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At Aaron Thompson‘s level, there’s not too much money to be made in making music—-the D.C. ambient folkie knows this, and sees his career as in an embryonic stage. But he’s taking a forked approached to getting his songs out there. You won’t just hear his music on his recent Sockets Records EP or on his Bandcamp page; you’ll hear it in a recent video from the Corcoran Gallery of Art pimping its current Chuck Close exhibition.

Consider it a ground-level, and perhaps more artistically satisfying, version of the song licensing that for many indie rockers makes the profession sustainable: Thompson, for example, has lent his music to promo videos for cultural institutions in the area like the Corcoran and the D.C. Commission for the Arts and Humanities. His song “Vals” also appeared in a CNN piece. He’s been paid nothing for work like this, and as much as $200. One in-the-works project may pay $500, he says. The more work like this he does, the easier it becomes to do more.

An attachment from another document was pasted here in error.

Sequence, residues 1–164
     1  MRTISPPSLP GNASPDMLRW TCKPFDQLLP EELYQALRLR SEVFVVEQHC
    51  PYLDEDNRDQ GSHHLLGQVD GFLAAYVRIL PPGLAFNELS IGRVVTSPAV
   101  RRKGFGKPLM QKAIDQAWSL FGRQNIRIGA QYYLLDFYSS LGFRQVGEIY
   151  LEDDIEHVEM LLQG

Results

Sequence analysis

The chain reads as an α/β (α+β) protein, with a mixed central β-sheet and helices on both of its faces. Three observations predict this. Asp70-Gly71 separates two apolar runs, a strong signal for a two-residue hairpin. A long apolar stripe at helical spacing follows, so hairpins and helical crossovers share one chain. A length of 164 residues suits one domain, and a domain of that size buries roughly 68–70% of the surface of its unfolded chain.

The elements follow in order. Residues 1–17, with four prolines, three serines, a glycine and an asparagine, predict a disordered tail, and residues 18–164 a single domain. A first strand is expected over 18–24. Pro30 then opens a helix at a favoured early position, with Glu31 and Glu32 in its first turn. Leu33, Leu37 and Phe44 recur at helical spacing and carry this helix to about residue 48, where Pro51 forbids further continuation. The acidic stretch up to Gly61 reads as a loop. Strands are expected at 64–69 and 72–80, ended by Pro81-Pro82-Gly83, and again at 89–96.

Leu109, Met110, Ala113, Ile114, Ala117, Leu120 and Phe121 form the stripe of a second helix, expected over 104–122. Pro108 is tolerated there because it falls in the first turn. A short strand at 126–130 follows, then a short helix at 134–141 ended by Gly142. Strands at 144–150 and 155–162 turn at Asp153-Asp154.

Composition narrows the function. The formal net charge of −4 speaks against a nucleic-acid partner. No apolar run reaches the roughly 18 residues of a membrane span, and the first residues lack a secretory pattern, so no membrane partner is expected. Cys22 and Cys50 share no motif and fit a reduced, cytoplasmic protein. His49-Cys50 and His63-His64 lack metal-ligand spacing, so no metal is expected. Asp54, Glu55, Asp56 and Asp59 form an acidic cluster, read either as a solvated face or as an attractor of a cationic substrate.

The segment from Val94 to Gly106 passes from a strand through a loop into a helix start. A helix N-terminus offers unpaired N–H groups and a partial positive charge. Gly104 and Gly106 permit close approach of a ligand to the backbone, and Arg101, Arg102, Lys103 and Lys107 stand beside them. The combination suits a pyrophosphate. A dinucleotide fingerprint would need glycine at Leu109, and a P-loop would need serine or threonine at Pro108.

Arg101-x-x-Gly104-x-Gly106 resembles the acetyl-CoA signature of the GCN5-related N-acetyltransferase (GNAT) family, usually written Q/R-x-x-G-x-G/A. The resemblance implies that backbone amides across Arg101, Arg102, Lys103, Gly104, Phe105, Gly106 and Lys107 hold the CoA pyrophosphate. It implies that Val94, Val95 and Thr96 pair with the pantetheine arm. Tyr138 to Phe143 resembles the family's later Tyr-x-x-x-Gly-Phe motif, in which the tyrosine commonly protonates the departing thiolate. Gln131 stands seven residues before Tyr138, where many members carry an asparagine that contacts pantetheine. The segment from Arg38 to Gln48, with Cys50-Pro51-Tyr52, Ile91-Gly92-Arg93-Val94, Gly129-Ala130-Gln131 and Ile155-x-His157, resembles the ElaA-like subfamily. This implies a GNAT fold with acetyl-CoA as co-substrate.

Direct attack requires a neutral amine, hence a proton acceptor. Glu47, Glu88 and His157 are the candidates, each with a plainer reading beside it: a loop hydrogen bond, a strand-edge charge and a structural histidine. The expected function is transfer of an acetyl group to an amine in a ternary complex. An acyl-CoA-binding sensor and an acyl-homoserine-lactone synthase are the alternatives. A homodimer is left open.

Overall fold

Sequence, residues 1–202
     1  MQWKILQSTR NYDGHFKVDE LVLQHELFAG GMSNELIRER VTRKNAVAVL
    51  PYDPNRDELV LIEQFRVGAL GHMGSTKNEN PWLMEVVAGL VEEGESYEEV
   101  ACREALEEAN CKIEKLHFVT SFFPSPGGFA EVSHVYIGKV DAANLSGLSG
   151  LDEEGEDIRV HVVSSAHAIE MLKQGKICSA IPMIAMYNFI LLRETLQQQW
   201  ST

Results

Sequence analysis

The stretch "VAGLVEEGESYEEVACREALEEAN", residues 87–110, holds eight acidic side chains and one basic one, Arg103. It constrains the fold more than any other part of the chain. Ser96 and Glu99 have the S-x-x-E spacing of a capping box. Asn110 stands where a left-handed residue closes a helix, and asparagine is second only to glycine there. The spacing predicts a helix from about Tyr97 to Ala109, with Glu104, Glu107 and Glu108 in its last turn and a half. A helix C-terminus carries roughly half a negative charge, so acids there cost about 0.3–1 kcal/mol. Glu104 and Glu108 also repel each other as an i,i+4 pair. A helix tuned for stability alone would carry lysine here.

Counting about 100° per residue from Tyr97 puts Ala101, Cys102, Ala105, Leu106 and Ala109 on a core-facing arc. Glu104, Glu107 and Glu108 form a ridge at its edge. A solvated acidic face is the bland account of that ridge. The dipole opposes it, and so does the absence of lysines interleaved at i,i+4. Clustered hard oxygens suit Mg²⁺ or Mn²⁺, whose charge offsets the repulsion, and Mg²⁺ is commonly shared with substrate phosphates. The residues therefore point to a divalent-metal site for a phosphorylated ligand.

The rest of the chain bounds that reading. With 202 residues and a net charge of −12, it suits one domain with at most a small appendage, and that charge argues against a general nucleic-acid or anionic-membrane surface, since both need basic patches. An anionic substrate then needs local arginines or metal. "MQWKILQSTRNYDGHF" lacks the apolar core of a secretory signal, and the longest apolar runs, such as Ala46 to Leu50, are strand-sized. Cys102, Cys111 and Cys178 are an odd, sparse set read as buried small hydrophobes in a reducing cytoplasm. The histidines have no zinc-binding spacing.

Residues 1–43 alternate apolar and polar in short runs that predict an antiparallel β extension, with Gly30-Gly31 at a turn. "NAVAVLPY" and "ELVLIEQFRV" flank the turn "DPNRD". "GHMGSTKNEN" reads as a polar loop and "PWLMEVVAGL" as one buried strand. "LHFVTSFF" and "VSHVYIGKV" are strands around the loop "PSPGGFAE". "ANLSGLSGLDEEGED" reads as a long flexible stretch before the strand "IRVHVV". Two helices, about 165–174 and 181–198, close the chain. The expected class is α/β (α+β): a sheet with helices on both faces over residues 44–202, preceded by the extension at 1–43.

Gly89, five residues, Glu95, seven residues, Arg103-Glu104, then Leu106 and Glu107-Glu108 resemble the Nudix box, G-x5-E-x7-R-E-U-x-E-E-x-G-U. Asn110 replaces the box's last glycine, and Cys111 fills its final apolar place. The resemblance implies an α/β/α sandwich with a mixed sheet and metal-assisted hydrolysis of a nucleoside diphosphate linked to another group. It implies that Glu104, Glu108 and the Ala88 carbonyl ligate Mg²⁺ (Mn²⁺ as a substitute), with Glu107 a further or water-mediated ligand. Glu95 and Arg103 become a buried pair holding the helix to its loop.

“It pays better so far than playing shows,” he says (true that). “I think ultimately I’d like to do both, work with film and TV and also go on tour.”

In terms of his interests and his set-up, he’s got an advantage: “I guess I have a lot of music that’s instrumental,” he says. “I’m pretty fascinating with taking sound and textures and putting them together and coming up with some kind of musical arrangement—-so I have a lot of work that’s quite different.” He also home-records, so he can produce a wide variety of music, and would have no trouble taking commissions in the future.

I asked him if other young indie-rock musicians in D.C. do similar licensing or for-hire work. He couldn’t think of any, suggesting that most young bands only make music in the studio when they’re working toward a release. (On the other hand, a few months ago Devin Ocampo of Medications told me that he’s been making less money lately through his home studio, since more bands are home-recording.)

As far as Thompson’s noninstrumental music goes, he’s working on an album right now, and shooting for a late-summer release on Sockets Records. And he’s also discovered the side-benefits of licensing: He got to meet Chuck Close at a press preview, and even makes a cameo in the video.